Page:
CONCLUSION

With the increasing threats of cargo theft and terrorist activities, the cargo security has become a critical issue for cargo sector to be managed. TSA is organization that is responsible to formulate the security policies. Through the management of airports and airline companies, these security policies are implemented all over the world.  US mail services is also responsible for the formulation of these security policies. The employees are very important to implement the security measures within the organization especially in cargo sector. The implementation of these policies is initiated from air ports. After airports, it is compulsory to secure the crafts and then gate of airport. The implications of policies formulated by TSA are important for all types of organizations operating in air sector.

WORKS CITED

Abeyratne, R. (2013). Air cargo security: The need for sustainability and innovation. Air and Space Law, 38(1), 21-32.

Ashford, N., Coutu, P., & Beasley, J. (2013). Airport operations.

Domingues, S., Macário, R., Pauwels, T., Van de Voorde, E., Vanelslander, T., & Vieira, J. (2014). An assessment of the regulation of air cargo security in Europe: A Belgian case study. Journal of Air Transport Management, 34, 131-139.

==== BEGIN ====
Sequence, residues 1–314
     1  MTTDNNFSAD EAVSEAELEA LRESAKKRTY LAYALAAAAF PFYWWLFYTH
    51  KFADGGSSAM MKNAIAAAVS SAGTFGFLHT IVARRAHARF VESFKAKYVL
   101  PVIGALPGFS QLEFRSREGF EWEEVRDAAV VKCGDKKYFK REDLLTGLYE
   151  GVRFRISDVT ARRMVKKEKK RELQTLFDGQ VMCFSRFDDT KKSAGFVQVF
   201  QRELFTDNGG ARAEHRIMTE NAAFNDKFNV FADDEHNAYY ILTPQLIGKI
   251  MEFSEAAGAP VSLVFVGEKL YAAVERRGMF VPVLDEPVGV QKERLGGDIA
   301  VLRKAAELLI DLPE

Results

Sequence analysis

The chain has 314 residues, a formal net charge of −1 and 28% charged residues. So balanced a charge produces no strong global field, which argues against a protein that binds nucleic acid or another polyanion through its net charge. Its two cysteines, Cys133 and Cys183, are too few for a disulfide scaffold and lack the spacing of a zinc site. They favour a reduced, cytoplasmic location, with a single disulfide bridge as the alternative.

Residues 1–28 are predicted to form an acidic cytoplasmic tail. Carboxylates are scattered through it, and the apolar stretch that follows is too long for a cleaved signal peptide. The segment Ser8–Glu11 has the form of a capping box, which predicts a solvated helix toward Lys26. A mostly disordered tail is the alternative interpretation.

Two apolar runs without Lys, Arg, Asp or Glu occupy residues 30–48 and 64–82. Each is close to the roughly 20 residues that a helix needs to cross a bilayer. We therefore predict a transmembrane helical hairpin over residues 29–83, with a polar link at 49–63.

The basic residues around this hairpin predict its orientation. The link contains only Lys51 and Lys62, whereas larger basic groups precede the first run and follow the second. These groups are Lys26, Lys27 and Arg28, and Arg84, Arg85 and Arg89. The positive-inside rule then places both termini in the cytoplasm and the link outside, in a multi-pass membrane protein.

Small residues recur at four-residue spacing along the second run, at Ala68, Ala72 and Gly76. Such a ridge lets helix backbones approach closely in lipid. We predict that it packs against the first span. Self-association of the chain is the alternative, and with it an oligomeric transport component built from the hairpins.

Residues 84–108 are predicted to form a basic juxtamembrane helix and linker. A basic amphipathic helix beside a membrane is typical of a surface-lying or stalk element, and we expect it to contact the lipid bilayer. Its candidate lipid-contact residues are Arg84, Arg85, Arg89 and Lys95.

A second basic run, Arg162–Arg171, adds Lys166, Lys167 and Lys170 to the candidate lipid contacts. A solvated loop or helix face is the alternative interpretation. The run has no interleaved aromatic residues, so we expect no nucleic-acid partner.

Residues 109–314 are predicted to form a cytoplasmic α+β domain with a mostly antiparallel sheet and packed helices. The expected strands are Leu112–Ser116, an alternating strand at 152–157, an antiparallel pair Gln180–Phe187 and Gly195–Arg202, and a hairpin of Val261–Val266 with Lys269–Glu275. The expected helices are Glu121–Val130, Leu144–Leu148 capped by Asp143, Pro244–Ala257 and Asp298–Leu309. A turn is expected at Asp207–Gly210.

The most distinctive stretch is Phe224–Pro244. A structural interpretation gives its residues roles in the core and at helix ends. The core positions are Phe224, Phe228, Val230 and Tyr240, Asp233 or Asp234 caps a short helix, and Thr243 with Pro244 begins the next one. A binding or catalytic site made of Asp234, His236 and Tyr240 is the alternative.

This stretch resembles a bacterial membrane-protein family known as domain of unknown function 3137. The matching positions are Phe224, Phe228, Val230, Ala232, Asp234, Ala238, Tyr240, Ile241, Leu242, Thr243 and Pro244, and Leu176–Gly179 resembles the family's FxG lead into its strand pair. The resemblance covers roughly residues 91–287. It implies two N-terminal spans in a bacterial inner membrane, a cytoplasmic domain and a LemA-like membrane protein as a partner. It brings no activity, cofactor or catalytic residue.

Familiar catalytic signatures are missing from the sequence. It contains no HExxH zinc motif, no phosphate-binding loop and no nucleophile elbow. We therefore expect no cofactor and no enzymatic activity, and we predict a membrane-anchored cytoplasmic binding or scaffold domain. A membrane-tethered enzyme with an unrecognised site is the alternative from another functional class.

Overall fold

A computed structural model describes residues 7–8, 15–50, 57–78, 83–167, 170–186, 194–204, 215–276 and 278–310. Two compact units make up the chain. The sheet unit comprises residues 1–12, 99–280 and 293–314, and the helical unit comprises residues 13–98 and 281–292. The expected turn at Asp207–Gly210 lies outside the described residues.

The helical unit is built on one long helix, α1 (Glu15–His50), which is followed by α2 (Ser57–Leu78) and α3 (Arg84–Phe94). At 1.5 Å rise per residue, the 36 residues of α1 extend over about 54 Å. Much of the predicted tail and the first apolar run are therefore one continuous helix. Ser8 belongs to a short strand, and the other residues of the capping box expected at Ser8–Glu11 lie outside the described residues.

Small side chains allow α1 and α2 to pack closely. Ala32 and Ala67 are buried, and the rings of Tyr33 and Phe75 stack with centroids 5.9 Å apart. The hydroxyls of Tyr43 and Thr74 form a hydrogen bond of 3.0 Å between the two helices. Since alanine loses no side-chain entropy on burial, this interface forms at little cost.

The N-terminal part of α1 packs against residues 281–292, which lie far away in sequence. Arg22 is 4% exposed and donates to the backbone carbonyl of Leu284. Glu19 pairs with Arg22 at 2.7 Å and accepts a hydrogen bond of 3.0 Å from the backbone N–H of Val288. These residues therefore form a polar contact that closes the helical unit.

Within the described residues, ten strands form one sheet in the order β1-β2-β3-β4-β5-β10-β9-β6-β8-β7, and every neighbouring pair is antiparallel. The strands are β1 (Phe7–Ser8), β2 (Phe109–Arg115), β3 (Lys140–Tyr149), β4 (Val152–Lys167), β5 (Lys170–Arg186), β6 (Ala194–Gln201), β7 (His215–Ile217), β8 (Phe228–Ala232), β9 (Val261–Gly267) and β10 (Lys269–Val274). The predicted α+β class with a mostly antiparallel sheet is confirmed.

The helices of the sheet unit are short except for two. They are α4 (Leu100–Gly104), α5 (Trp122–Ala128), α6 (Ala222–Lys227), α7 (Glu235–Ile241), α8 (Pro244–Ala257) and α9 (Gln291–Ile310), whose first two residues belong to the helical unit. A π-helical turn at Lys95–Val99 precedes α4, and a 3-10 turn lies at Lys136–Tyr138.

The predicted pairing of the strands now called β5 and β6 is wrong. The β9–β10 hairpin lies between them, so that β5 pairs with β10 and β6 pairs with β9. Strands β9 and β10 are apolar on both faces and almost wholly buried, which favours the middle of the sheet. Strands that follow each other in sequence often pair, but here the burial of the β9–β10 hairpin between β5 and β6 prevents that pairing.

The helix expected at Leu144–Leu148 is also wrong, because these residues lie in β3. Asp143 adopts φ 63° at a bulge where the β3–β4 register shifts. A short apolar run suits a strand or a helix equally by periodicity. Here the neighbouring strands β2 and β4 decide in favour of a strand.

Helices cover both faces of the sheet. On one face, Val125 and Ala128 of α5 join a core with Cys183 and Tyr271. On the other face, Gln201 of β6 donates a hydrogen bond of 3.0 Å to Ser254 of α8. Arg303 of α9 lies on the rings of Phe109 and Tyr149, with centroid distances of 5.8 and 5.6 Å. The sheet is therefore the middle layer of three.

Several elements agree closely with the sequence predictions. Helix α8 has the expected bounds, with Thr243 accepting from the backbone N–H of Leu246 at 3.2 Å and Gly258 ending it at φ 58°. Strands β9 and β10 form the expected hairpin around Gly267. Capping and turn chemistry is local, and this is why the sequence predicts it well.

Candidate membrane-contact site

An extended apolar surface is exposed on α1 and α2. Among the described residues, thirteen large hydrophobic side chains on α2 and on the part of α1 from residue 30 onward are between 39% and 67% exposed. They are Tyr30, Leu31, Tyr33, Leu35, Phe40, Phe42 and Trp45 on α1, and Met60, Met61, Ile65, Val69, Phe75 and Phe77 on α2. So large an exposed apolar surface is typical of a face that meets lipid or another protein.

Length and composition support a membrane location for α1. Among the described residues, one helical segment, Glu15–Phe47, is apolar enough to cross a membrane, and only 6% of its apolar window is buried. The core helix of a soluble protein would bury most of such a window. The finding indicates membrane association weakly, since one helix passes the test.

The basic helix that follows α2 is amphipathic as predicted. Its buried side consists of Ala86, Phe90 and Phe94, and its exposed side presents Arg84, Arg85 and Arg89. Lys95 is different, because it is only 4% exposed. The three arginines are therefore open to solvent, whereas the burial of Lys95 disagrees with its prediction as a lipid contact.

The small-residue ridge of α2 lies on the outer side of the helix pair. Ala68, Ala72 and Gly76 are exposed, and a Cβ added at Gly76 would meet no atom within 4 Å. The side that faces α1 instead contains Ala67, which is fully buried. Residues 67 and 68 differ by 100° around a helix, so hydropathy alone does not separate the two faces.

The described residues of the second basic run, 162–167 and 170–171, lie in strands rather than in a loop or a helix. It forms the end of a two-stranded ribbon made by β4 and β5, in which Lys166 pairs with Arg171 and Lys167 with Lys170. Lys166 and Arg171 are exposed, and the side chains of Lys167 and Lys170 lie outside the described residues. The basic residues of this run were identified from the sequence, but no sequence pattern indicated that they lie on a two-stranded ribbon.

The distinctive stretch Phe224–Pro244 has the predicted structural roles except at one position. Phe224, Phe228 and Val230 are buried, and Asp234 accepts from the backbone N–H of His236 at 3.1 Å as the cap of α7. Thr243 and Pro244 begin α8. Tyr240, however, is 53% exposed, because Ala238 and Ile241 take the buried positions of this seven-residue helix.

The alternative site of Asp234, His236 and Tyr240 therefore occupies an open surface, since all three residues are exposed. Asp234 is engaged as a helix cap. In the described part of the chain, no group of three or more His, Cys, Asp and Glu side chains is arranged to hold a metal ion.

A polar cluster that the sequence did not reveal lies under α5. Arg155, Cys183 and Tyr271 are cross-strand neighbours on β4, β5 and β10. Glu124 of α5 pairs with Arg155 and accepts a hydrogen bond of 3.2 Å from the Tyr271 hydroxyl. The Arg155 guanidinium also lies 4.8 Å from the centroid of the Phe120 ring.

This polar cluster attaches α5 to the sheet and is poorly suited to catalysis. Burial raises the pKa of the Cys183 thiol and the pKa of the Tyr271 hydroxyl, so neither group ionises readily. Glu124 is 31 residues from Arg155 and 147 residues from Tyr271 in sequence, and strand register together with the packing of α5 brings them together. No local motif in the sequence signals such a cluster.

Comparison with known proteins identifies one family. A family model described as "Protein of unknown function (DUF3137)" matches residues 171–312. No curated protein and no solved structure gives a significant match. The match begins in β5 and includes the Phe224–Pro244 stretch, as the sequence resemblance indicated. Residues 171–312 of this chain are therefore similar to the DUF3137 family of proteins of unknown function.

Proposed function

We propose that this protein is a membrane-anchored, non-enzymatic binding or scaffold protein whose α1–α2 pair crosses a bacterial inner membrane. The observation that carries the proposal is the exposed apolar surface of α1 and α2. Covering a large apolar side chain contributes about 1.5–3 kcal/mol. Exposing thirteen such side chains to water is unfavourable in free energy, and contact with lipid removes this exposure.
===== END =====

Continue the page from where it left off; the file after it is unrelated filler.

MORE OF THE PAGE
Eng Leong, C. (2014). A Research on Supply Chain Security in Malaysia. International Journal of Supply Chain Management, 3(2).

Jafari, H., & Dehdari, S. (2013). International legal system as Initiatives to enhance the Umm Qasr Port Security. Journal of Social Issues & Humanities, 1(7), 2013.2070-2073.

Michel, S., Mendes, M., de Ruiter, J. C., Koomen, G. C., & Schwaninger, A. (2014). Increasing X-ray image interpretation competency of cargo security screeners. International Journal of Industrial Ergonomics, 44(4), 551-560.

Min, H., Lim, Y.-K., & Park, J.-W. (2013). X-ray cargo inspection for enhancing the maritime safety and security: a case study of international container ports. International Journal of Logistics Systems and Management, 16(1), 98-112.

Mishulovich, E., & Giovanniello, A. (2014). Law, Risk-Based Security, and International Air Cargo. The Air and Space Lawyer, 26(4), 1.

Papa, P. (2013). US and EU strategies for maritime transport security: A comparative perspective. Transport policy, 28, 75-85.

Sorkin, S. (2014). Homeland Security, Transportation Security, Cargo and Baggage Security (Vol. 3): Goods in Transit.

Wilkinson, P., & Jenkins, B. (2013). Aviation terrorism and security (Vol. 6): Routledge.